It’s hard to miss the fact that artificial intelligence (AI) has become the latest and greatest thing in the world of technology – and for good reason. AI is an umbrella term for a raft of technologies and techniques that allow software to behave in an intelligent manner. The word “intelligence’ is defined as an action that improves some measure of performance. In a sales situation that measure might be closed deals and/or value, or in a manufacturing environment the number of correctly identified flawed items.
So how is this related to business intelligence (BI)? Well, BI is a largely descriptive and diagnostic activity, where businesses simply aim to understand historical performance and/or why things have not turned out the way they should have – for better or for worse. To this end we produce reports and look at graphs and charts with the aim of gaining insights and understanding. It’s a manual, time-consuming, and expensive process, and as such ideal for the application of artificial intelligence. We can perhaps get a taste for how things might go by looking at BeyondCore, a BI platform that moves beyond descriptive and diagnostic analysis and includes automated analysis that highlights significant facts and hypotheses within the data. It addresses to some extent the serious problems associated with visual analytics – namely that interpretation is almost entirely subjective, often longwinded, and lacking in objective measures. It doesn’t completely do away with human intervention, but it does assist with the diagnostic and descriptive process.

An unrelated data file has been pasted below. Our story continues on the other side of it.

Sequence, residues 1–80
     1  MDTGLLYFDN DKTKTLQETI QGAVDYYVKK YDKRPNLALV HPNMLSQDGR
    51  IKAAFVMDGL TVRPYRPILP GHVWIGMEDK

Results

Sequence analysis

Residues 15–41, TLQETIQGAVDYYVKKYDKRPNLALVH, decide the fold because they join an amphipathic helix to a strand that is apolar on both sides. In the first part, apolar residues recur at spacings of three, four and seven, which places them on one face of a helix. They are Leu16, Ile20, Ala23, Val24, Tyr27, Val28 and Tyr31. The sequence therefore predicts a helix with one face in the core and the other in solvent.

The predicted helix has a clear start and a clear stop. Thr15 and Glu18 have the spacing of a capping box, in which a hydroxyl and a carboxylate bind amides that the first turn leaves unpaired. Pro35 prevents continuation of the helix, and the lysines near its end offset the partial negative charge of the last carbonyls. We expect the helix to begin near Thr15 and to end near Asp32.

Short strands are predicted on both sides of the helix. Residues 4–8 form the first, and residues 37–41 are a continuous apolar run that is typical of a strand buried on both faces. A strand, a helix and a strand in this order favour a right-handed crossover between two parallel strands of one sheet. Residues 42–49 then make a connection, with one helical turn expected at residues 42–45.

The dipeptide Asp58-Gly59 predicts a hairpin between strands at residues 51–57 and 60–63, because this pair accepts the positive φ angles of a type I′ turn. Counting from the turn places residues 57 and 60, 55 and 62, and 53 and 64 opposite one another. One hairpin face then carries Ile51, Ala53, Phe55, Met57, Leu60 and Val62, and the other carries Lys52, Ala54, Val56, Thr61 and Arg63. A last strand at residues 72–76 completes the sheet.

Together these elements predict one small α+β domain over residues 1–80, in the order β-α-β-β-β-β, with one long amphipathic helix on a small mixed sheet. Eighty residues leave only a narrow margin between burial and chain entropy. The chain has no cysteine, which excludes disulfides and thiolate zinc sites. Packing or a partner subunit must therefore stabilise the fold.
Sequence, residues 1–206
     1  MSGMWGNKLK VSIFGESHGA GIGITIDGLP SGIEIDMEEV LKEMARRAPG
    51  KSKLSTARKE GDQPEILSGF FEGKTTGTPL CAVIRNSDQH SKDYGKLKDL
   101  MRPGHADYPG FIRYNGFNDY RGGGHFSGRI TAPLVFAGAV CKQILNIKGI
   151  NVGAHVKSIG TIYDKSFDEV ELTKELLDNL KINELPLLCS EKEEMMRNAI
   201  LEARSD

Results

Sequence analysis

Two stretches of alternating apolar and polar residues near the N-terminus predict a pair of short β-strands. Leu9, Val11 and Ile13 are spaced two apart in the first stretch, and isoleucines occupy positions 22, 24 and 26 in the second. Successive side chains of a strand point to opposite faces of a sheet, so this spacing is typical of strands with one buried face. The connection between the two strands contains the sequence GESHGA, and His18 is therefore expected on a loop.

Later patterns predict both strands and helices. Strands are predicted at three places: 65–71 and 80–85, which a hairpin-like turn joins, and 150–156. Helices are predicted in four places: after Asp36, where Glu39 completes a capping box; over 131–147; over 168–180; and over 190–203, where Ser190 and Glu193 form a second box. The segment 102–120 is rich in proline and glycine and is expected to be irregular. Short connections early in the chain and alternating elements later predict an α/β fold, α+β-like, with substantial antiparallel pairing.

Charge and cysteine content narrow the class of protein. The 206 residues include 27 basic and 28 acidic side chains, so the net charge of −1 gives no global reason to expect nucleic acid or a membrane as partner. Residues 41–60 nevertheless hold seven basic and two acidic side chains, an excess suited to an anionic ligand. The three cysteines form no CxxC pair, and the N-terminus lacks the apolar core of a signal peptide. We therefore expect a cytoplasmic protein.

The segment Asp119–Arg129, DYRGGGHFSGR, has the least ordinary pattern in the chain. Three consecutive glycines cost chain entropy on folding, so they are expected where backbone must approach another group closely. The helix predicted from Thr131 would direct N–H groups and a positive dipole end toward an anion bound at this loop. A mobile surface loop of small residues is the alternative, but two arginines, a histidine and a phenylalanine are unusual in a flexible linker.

If AI is starting to affect most areas of business activity – from selecting the best prospects in a sales situation, to robot delivery of fast food, we should not be too surprised to see it making headway in the world of BI. Certainly it is making a big impact on data mining and predictive analytics with several platforms providing largely automated creation of predictive models – PurePredictive being a good example. Applying AI to the process can speed up model development times by orders of magnitude – from months to hours.
BI will eventually succumb to the automation of data analysis through AI. An AI layer could at least learn from the users of a tool how the data is regularly manipulated, and to what end. However the real change will come when AI starts to understand our data better than we do. EBay recently acquired a business called Expertmaker, that does exactly that – extracting hidden value in data. In fact AI will add a new dimension in BI. Most of the time people are looking for what they know they don’t know. AI will power the discovery of information that users didn’t know that they needed to know.
There will of course be resistance – no one likes to think a machine can do a better job. But the application of AI to business intelligence would completely revolutionize its effectiveness and efficiency.